In this paper, we introduce the concept of dyadic pulsations as a measure of sustainability in online discussion groups. Dyadic pulsations correspond to new communication exchanges occurring between two participants in a discussion group. A group that continuously integrates new participants in the on-going conversation is characterized by a steady dyadic pulsation rhythm. On the contrary, groups that either pursue close conversation or unilateral communication have no or very little dyadic pulsations. We show on two examples taken from Usenet discussion groups, that dyadic pulsations permit to anticipate future bursts in response delay time which are signs of group discussion collapses. We discuss ways of making this measure resilient to spam and other common algorithmic production that pollutes real discussions. Can a discussion group be characterized by looking solely at the interaction patterns of its participants? Symmetrically, can the patterns of interaction of a given participant identify its role in a discussion group? Can we predict from these patterns the evolution of the interaction inside a group, spotting for instance the early signs of a group decomposition process? Our research aims to establish a new mathematical approach to distinguish between different types of discussion group participants as well as between different types of discussion groups, both with their typical ways of interacting (interaction "signatures") and life cycles.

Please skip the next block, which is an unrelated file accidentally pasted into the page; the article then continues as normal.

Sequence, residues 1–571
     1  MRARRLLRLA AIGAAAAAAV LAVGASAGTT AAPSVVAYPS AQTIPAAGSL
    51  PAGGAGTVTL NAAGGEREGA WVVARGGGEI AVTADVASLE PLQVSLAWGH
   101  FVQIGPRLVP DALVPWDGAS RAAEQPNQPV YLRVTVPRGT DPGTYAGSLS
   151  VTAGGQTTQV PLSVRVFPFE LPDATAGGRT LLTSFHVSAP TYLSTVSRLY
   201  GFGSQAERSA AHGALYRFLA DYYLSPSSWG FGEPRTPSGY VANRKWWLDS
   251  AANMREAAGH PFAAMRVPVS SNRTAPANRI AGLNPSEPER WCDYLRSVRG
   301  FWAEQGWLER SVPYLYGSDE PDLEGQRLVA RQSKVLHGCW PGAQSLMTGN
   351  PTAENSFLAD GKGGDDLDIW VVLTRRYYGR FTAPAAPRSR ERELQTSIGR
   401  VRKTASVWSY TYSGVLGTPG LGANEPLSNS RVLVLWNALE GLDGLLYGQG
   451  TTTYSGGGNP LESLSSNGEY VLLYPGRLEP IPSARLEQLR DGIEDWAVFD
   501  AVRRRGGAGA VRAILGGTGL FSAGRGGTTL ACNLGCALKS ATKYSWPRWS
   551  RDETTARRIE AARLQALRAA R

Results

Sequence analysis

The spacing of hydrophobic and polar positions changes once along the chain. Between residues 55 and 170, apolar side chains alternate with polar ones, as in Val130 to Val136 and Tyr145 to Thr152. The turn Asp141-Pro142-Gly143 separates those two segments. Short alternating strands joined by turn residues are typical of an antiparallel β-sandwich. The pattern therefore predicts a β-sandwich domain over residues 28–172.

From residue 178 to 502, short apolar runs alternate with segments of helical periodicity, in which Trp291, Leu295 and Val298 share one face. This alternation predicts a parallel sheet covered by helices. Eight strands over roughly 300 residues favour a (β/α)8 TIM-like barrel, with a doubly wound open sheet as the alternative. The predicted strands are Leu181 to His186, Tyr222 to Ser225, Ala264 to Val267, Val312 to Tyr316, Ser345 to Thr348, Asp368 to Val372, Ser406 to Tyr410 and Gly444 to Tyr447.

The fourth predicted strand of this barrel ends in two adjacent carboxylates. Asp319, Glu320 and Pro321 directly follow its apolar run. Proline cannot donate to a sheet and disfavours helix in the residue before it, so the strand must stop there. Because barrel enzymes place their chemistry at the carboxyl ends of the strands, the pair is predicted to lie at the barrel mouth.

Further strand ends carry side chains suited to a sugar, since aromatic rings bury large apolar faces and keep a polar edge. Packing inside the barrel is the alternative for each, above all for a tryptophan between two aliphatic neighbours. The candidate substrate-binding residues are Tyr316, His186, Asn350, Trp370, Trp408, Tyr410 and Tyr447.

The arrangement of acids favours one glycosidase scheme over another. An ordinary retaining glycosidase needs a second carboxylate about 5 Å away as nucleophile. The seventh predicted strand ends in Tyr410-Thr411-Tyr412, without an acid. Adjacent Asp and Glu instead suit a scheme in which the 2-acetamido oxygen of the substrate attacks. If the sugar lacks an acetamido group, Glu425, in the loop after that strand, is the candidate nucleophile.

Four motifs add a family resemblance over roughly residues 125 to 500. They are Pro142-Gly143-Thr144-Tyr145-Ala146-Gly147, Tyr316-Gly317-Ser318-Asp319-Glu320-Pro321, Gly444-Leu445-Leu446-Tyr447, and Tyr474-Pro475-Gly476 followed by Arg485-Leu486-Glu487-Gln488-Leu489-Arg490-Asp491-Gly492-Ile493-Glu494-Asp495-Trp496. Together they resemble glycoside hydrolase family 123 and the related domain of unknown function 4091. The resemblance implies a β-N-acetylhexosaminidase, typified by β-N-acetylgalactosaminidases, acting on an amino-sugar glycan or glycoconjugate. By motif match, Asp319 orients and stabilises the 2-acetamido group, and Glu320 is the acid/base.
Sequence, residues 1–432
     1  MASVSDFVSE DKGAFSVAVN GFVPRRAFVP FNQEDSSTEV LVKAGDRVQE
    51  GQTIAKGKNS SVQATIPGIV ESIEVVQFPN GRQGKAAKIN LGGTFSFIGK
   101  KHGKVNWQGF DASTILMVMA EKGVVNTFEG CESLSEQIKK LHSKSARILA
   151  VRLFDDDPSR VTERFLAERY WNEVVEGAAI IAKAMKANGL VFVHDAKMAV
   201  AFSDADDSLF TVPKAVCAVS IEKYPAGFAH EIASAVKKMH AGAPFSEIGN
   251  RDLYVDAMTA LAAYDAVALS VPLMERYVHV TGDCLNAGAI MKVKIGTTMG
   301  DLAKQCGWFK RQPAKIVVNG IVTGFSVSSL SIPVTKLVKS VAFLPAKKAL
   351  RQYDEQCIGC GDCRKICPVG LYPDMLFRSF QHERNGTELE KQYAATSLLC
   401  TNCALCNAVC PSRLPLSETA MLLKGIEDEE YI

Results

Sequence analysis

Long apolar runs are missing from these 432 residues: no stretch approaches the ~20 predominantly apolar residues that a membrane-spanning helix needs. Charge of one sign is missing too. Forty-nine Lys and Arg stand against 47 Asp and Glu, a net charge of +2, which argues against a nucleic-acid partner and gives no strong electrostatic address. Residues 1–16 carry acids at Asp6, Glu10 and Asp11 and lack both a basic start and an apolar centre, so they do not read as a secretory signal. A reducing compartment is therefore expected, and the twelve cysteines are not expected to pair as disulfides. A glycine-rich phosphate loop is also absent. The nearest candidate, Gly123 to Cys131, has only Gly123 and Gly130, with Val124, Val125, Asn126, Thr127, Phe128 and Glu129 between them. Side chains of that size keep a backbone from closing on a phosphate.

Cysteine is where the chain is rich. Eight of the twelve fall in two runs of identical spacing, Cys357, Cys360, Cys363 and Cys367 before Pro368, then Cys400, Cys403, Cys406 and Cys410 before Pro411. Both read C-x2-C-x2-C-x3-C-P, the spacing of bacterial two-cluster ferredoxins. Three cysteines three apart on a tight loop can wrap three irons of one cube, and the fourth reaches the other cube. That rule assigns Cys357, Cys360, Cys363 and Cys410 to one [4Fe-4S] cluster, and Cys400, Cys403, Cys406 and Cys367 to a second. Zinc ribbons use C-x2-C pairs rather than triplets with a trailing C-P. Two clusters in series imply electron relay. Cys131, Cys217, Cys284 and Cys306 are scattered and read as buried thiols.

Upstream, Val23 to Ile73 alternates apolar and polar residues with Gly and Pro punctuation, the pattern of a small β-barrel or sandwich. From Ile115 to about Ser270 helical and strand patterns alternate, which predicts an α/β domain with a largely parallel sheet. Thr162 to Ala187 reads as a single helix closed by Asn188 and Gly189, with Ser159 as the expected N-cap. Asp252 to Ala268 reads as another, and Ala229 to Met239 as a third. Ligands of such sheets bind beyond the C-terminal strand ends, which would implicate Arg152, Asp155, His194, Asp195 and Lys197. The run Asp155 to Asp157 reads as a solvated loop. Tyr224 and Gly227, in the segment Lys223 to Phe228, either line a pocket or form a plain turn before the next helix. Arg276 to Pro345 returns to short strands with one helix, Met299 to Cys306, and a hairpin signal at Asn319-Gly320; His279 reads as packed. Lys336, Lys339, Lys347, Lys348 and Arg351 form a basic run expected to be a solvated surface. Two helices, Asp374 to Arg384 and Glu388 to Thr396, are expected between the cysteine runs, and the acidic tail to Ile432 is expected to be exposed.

The analysis of interaction dynamics has recently received an increased focus of attention in the network science community. Mathematical methods (Newman, Barabási and Watts 2006) have been used to identify signatures characterizing the mode of exchanges of famous scholars, comparing for instance patterns in the correspondence of Charles Darwin and Albert Einstein (Oliveira and Barabási 2005). Fluctuation patterns and delays in letter responses indicate prioritization strategies that can be modeled and simulated. These methods permit also to draw comparisons with modern forms of electronic exchanges where similar patterns, corresponding to universal scaling laws (Barabási 2005; Bunde, Eichner, Havlin and Kantelhardt 2004), can be found. Interestingly, all these analyses can be conducted without considering the semantic or pragmatic nature of the exchanges.